Health experts say Quebec should learn from Europe and move quickly on COVID boosters

·4 min read

MONTREAL — The Quebec government's policy on COVID-19 vaccine boosters is soft, contradictory and disconnected, health experts lamented on Tuesday, as residents 80 and up became eligible to book appointments for third doses.

Quebec lacks a sense of urgency to get boosters into arms, Dr. Donald Vinh, an infectious disease specialist at the McGill University Health Centre, said in an interview.

"They are softly recommending it," he said. "It kind of sounds like they are agreeing to give it, but not recommending it. And it’s perplexing for some of us as to why they don't think there is a need to roll out a third dose."

The government is relying too much on the protection offered by two doses without taking into account what is happening around the world, he added. "It’s almost like the government is celebrating their victory (against COVID-19) a little bit too prematurely."

New daily in cases in Quebec have somewhat plateaued, he said. The seven-day average for new daily cases in the province is 632.

But cases had also plateaued in Europe, Vinh explained, adding that European governments began loosening health orders. Now, he said, some European countries are reimposing tough restrictions following rising cases.

Last week, Dutch Prime Minister Mark Rutte announced a three-week partial lockdown amid surging COVID-19 cases in the Netherlands, saying his government wanted to "deliver a hard blow to the virus.'' At the same time, Austrian Chancellor Alexander Schallenberg said his country would implement a lockdown for unvaccinated people in two hard-hit regions and looked poised to move forward with similar measures nationwide.

In Germany, the disease control centre urged people last week to cancel or avoid large events and to reduce their contacts, as the country's coronavirus infection rate hit a string of new highs.

Vinh said, "We are copying the same mistake as Europe," instead of learning from it.

The Quebec government announced last week it would begin expanding eligibility for COVID-19 vaccine boosters, following recommendations by the province's immunization committee. Residents 80 and up were invited as of Tuesday to book appointments for booster shots.

Quebecers aged 75 and over will be eligible starting Nov. 18 and those 70 and older can register as of Nov. 23. The government is also making residents of any age who received the AstraZeneca vaccine eligible to start booking third doses on Nov. 25.

But despite Health Canada announcing on Nov. 9 it authorized boosters for all adults across the country, Quebec says it doesn't see the need for that yet.

The Health Department did not immediately return a request for comment on Tuesday.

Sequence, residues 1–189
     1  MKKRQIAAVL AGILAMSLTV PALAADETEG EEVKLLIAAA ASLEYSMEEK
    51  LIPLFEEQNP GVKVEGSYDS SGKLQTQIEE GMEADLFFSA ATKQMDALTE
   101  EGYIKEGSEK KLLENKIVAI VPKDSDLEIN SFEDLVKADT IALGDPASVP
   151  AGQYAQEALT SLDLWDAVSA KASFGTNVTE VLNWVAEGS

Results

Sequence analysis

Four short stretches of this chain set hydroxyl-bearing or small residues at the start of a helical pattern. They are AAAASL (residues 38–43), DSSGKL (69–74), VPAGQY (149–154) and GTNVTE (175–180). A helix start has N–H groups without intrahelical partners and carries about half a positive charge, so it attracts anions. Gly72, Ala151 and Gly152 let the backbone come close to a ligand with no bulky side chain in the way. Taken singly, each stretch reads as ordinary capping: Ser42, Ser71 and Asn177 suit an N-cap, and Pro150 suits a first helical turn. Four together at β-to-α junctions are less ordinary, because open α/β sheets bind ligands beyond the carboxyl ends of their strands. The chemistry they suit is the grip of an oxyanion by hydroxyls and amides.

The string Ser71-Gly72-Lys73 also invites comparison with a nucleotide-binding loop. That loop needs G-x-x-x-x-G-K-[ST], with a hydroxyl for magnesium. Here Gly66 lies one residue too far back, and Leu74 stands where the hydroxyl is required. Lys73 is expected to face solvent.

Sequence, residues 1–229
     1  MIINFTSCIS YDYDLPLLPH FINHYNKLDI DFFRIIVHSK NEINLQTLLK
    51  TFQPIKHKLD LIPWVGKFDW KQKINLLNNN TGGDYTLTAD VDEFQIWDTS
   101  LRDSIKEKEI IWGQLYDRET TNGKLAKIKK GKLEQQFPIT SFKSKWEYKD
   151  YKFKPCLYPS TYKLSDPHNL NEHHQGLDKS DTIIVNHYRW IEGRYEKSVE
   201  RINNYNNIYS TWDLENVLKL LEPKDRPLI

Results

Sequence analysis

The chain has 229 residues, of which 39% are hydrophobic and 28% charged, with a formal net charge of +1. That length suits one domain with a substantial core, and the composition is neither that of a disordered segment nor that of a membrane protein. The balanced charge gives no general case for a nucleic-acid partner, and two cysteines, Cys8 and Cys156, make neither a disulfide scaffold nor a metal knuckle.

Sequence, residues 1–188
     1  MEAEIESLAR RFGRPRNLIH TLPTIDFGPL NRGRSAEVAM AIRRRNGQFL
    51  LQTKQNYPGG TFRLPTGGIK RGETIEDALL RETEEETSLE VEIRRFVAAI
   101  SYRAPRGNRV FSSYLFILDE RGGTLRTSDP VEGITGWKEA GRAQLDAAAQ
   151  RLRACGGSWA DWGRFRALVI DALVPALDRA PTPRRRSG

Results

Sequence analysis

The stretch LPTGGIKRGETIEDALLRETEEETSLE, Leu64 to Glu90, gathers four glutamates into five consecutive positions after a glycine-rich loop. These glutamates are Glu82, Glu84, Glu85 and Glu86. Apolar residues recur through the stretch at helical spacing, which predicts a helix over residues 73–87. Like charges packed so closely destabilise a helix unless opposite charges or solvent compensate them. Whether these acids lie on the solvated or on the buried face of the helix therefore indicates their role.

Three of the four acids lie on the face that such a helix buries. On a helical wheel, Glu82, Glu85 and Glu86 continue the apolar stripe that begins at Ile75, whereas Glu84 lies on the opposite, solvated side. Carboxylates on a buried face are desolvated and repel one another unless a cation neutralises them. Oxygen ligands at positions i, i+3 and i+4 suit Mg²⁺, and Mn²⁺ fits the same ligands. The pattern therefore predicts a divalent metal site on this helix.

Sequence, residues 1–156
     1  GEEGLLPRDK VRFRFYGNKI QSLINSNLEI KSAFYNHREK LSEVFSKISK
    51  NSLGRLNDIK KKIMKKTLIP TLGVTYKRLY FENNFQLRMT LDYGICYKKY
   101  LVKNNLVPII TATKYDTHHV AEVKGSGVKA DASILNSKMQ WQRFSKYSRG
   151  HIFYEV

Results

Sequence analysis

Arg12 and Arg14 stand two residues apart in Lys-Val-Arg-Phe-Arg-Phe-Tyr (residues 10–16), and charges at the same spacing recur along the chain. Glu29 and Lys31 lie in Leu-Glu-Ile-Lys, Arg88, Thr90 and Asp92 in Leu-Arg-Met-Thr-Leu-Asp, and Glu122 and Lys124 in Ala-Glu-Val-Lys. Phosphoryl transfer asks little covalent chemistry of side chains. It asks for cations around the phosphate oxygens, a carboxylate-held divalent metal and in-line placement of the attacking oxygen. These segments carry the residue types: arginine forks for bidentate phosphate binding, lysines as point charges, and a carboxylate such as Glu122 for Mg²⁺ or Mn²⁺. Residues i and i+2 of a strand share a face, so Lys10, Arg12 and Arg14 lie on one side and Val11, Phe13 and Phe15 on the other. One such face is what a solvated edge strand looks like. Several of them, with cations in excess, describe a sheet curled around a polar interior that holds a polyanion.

Dr. Karl Weiss, president of Quebec’s association of infectious diseases specialists, had similar comments to Vinh's.

Studies and new data, especially from Israel, indicate the need for a third dose for people 50 and up, health-care workers and those with certain risk factors, he said.

"Why is Quebec doing differently?" Weiss wrote Tuesday in an email, adding that most vaccines against viruses, such as hepatitis B, require three doses. Therefore, he said, a third dose to protect from COVID-19 should be seen as normal.

Vinh said the government should be announcing a plan to deliver boosters to health-care workers. "They are disconnected," Vinh said about Quebec's Health Department. "They haven’t even put out a policy for health-care workers who are exposed to COVID-19 patients — who may have been vaccinated seven months ago.

"I feel like right now, the Quebec government is in the middle of a lot of contradictory policies," Vinh said. "We all gave them the benefit of the doubt in the past because data was coming out so quickly, and sometimes it was hard to make a decision. But now, I think the dynamics have changed and yet the government is still making policies that seem somewhat contradictory."

Meanwhile, Quebec reported 517 new cases of COVID-19 on Tuesday and two more deaths attributed to the novel coronavirus. Health officials said COVID-19-related hospitalizations dropped by two from the day before, to 200, and that the number of patients in intensive care rose by five, to 47.

Authorities said 9,345 doses of vaccine were administered in the past 24 hours. The province's public health institute said about 90.9 per cent of Quebecers aged 12 and older have received at least one dose of a COVID-19 vaccine and 88.5 per cent were considered adequately vaccinated.

This report by The Canadian Press was first published on Nov. 16, 2021.

— With files from The Associated Press.

Virginie Ann, The Canadian Press

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